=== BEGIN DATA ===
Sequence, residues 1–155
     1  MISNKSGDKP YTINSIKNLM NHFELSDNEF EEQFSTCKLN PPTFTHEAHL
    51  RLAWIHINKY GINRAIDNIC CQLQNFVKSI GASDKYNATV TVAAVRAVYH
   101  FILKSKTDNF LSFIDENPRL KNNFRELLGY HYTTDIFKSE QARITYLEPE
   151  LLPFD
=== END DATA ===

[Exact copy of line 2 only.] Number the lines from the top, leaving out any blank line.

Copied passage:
     1  MISNKSGDKP YTINSIKNLM NHFELSDNEF EEQFSTCKLN PPTFTHEAHL